Opinions will differ but my handgun choice is a revolver. Some autoloaders will not fire without a magazine in place. Even if one will fire, you may lose the magazine or it may get damaged. Moreover, some semiautomatics, particularly rimfire pistols, will function reliably only with full power loads or certain types of ammunition. If I were preparing for survival situations and could have only one firearm it would be a rimfire revolver and my choice is the Ruger Single Six Convertible that comes with two cylinders. One will accept 22 LR and all shorter cartridges while the other accommodates 22 WMR and 22 WRF cartridges. Ruger single action revolvers are well known for being simple, accurate and durable.

The .22 LR cylinder can accommodate a wide variety of types of cartridges.
What is a rimfire capable of? In my youth I lived in a rural area and home processing of meats was routine. For some time, I seemed to be the “designated shooter.” Admittedly, the range was measured in feet and the shots were “head on” but in only one instance out of many did I fire two shots. Even though it has little stopping power, a bullet from a 22 LR is capable of killing large animals. Stories that substantiate this observation are easy to find.

Although a 22 LR would not be chosen to stop charging bears, it is the utility of that caliber in obtaining food and in possible protection situations that makes it an excellent choice. All manner of small game could become food to a hunter with an accurate 22 LR. Under survival conditions, even medium game could be taken by well placed shots at short range. Some hunters even use a 22 LR to dispatch cougars brought to bay in trees. This may not be sporting, but we are describing survival scenarios. A well placed 22 Short will kill a small game animal just as dead as will a more powerful cartridge and leave more edible food in the process.

The .22 WMR cylinder allows 22 WRF and all types of 22 WMR ammo to be fired.
There is currently an increasing and very appropriate fad of hunting small game with airguns. Even a 22 Short far exceeds the energy of all but the most powerful airguns. Well directed bullets from a 22 LR provide a considerable measure of defense. Having seen autopsy photos of a victim of a shooting with a 22 LR, I have no doubt that a well placed shot or two will terminate aggression even though this may be an unlikely event. Fired from a handgun, the 22 WMR is not as potent as when fired from a rifle, but it produces almost 200 ft lbs of energy at the muzzle. That is sufficient to provide some measure of protection or permit the taking of larger game if necessary and makes it possible to defend a food supply.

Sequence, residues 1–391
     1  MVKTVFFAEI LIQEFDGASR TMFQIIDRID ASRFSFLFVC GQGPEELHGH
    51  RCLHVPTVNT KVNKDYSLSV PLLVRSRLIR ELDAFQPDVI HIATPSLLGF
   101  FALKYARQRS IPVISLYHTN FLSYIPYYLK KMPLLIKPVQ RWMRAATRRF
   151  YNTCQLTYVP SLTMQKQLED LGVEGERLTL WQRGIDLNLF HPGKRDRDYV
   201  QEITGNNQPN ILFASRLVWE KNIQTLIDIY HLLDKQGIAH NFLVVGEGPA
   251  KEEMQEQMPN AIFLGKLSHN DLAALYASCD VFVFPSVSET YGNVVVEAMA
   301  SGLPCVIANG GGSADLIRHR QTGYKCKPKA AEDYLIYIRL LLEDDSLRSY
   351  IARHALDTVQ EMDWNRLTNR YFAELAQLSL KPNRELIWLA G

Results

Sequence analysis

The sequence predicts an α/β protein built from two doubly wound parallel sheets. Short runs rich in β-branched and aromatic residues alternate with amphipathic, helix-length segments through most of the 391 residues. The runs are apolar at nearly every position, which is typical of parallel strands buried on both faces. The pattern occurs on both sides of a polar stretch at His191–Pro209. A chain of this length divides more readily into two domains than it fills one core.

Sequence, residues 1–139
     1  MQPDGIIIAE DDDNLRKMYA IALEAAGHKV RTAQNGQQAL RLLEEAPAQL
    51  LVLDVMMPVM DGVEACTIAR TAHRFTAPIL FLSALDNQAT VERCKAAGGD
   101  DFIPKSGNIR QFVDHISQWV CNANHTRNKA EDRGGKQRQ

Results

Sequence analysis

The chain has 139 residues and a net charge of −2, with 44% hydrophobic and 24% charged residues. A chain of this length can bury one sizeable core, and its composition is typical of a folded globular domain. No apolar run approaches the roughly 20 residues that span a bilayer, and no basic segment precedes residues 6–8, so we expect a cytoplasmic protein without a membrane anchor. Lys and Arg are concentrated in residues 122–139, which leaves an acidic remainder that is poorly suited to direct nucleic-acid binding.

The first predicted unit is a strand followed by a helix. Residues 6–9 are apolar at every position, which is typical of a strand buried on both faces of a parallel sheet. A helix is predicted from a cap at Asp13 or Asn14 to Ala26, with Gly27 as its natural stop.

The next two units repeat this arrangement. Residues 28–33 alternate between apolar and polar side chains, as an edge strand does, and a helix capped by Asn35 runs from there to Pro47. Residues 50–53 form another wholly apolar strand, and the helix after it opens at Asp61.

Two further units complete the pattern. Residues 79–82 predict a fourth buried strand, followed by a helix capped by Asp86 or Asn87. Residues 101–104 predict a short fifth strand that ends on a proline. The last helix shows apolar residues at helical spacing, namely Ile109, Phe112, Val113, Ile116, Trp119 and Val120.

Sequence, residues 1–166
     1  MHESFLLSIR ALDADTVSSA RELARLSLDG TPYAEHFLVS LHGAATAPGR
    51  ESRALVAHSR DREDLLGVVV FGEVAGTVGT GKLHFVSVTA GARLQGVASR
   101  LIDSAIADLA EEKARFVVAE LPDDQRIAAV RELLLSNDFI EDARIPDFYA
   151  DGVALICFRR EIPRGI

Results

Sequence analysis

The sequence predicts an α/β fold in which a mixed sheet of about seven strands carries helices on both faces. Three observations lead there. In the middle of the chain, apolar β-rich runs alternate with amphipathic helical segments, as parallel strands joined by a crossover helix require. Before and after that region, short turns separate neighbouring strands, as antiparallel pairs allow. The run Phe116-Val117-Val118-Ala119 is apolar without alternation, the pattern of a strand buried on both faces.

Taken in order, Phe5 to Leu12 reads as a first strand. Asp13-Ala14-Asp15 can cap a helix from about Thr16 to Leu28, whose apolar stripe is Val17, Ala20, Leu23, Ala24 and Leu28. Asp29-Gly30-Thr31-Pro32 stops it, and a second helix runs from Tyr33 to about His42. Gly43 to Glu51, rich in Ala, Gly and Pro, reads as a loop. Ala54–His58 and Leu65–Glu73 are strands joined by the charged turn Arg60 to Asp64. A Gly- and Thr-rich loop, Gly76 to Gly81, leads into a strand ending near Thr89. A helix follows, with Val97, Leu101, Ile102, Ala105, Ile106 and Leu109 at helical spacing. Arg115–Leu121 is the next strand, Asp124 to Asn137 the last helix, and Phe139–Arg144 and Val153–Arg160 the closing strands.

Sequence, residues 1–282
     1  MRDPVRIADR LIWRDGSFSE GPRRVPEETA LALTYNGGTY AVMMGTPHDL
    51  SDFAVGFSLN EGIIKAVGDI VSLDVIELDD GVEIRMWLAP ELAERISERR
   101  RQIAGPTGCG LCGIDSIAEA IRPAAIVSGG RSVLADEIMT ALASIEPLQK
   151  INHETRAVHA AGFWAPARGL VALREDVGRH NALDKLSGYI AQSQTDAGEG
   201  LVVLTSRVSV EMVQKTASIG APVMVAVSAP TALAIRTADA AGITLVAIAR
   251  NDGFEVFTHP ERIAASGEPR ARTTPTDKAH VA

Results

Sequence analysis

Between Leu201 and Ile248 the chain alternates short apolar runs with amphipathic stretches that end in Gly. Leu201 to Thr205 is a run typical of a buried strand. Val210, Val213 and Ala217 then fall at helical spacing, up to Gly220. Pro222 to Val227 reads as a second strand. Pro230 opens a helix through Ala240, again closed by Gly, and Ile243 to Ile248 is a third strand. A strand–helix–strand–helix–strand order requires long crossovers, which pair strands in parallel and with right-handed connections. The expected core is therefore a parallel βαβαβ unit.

The Ammunition
Far from a source of ammunition and faced with a long stay in a remote area, I would want a lot of ammunition. That is possible with a 22 rimfire because the cartridges are so light in weight. For example, on my postal scale 50 rounds of 22 Short weigh only 4.4 ounces and 50 rounds of 22 LR weigh 6.0 ounces. Even 50 rounds of 22 WMR weigh only 7.4 ounces. For comparison, 50 rounds of 9mm Luger (115-grain bullet) weigh 20.4 ounces, 50 rounds of 30-30 Winchester (150-grain bullet) weigh 37.3 ounces, and 50 rounds of 45 Colt (250-grain bullet) weigh 41.8 ounces. I might prefer more power than that delivered by a rimfire handgun, but I would much rather have the flexibility provided by a generous supply of cartridges. When planning for the long haul, a rimfire is the most practical choice.
Within each type of ammunition there are several choices available. The accompanying table summarizes some of the attributes of the various types of 22 rimfire cartridges. Also, don’t overlook the utility of shot cartridges in both 22 LR and 22 WMR calibers.


Cartridge Bullet wt. (gr)/type Velocity/ fps Energy, ft. lbs.
Aguila Colibri 20/solid 375 6
Aguila Super Colibri 20/solid 500 11
CCI CB Short 29/solid 706 32
CCI CB Long 29/solid 706 32
.22 Short 29/solid 1010 66
.22 Long 29/solid 1090 76
.22 Long Rifle 37/hp 1135 106
.22 Long Rifle 40/solid 1085 105
Aguila Super Sniper 60/solid 950 120
.22 WRF 45/solid 1105 122
.22 WMR 30/tipped 1610 173
.22 WMR 40/solid or hp 1480 195
Although none of the 22 rimfire loads has awesome power, all are capable of dispatching game and pests. Even a very potent airgun, touted by some for taking rather large species, produces less energy than a 22 Short fired from a handgun. On the other end of the spectrum the 22 WMR generates almost 200 ft lbs of energy, which is not much less than a 380 Auto or some 38 Special loads. Not only will well-placed bullets from 22 handguns keep you in food, they will also give you a considerable measure of protection if the handgun is used effectively.

Ruger’s transfer bar is moved into position behind the firing pin only when the gun is cocked so the firing pin does not rest against a cartridge.

While working on a project in Wyoming several years ago, my wife and I visited in the mountains with a couple whose son worked on a remote ranch. In our discussions of firearms they told us about the gun used by their son in his daily work. I wanted to include some discussion of the gun and a photo of it so the couple borrowed their son’s gun and brought it to me. It turned out to be a well worn Ruger Single Six Convertible with almost no bluing left and a few dings in various places. But it was a working gun and it performed well the tasks expected of it. I think that the ranch hand chose so well I do not have a better choice for a survival gun.